Most designers and creative people are driven by the wonderful things people say about their work. We thrive on "atta boys" and awards. However, how does award winning creative alone help the small businessperson? Fact is, it doesn't.
An ad that has been creatively designed yet doesn't entice one customer to enter the store is ineffective and a waste of the clients dollars. To be able to know if the ad was a success financially one has to ask some questions. But of whom? And How? This is where the focus group comes in. In times past they were down at great expense by consulting firms whenever a client needed direction on his advertising needs. I participated in one several years ago when Reader's Digest was deciding to do a makeover on their magazine.
Focus groups don't have to be that way anymore. They can be as simple as a questionnaire on the clients website to as extensive as what Reader's Digest did. The purpose is to get feedback so you can determine if your advertising message is going in the right direction. If you are a retailer with a storefront this can be as simple as asking your customers how they heard about you, or if they have seen your latest ad. Attaching a coupon to an ad and then tracking how many people use the coupon can give you data.
Gathering a small group together informally and asking a few well-crafted questions can also give you an understanding as to how to reach your potential customers. All of these depend on asking the right questions in a manner that remains neutral so you can get as unbiased data as possible.
Here are some pointers to help:
First target your audience. Don't question a bunch of women if your selling jockstraps unless you are going after that particular market. Focus on who you product or service is for.
Design the questions. Keep them short in length and number. Ask questions that can be answered simply, in a qualitative manner. Make them open ended by easy to answer, not just yes or no. You want opinion. Allow space or time for general questions and discussions.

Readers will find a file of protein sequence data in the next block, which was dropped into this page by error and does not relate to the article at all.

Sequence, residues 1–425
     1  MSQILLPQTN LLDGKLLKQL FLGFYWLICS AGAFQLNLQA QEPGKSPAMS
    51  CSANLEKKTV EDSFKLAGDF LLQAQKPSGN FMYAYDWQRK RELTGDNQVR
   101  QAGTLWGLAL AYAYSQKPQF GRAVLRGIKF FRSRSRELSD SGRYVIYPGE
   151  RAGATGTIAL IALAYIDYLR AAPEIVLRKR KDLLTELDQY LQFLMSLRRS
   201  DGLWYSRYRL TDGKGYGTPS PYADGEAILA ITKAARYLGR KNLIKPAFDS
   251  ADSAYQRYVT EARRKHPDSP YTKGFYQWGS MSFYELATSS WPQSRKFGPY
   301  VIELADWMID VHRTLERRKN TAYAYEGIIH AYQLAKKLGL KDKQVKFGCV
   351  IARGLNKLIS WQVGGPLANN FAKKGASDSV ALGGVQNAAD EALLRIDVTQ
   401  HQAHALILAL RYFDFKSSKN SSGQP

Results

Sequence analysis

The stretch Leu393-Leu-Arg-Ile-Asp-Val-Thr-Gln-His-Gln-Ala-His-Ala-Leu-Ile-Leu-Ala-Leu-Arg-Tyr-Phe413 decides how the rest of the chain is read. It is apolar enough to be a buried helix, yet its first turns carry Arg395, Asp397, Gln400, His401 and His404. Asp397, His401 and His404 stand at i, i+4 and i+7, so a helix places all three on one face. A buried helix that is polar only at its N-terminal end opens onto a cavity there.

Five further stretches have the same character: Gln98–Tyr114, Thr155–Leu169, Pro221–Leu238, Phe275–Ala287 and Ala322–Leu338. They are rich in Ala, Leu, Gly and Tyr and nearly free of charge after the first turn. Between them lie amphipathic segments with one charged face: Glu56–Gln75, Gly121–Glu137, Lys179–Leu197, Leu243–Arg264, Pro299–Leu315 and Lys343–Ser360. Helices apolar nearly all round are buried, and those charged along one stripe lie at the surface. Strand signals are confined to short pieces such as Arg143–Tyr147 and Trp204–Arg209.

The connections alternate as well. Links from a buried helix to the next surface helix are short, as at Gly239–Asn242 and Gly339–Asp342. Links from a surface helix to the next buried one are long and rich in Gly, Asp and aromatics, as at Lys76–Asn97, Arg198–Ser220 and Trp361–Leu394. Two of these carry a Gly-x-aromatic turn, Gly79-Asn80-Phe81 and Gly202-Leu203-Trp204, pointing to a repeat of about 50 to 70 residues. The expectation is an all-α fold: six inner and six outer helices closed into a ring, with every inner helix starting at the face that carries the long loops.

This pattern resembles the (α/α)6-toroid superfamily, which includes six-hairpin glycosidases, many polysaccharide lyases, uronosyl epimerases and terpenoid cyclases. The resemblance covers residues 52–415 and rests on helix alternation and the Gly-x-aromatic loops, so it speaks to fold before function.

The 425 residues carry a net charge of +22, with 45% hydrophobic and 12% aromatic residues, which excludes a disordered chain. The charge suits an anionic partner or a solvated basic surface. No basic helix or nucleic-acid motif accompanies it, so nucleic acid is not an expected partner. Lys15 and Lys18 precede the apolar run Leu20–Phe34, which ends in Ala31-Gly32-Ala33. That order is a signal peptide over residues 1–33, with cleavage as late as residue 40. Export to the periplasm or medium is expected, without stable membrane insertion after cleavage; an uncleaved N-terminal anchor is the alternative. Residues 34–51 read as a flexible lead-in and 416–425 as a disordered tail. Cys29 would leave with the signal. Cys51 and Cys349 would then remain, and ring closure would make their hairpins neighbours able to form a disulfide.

Do several small focus groups rather than one large one. If it's with a small group in person, be sure to have a good cross section of your potential customers. Have refreshments available.
Record the findings. Either by taking notes or tape-recording the proceedings. Keep the meeting in control and on schedule and don't go over an hour in length.
Be as neutral as possible. Hold it in a neutral meeting room rather than at your place of business. If online set up a web page that isn't connected with your company's page and doesn't have your logo on it. If it's a questionnaire, don't print it on your stationery just keep it plain. The more neutral you can be the better the data will be.
The more you do focus groups, and the more data you have the more you will be able to forecast what your customers want from you. Keep good records and focus group often.
Don't make the focus group process convenient for you; make it convenient for your customer. When Applebee's wanted to open another restaurant in Overland Park, they sent around someone during your dinner to ask you a bunch of questions about where you would like another one and so on. I was very put out by the tactic and did not like being interrupted by a pushy marketing person. Make sure your customer is comfortable answering you questions. If not you will contaminate your data with unreliable input.
Last of all listen to the data. If a majority of your customers want you to change your logo to blue...listen to them! If they want you to have longer hours...listen to them! In this way you build a strong relationship with them because they know you are listening to them and want their business. Focus groups give you direction so your creative team will know how to target your customers. It can be invaluable if done properly and the results acted upon.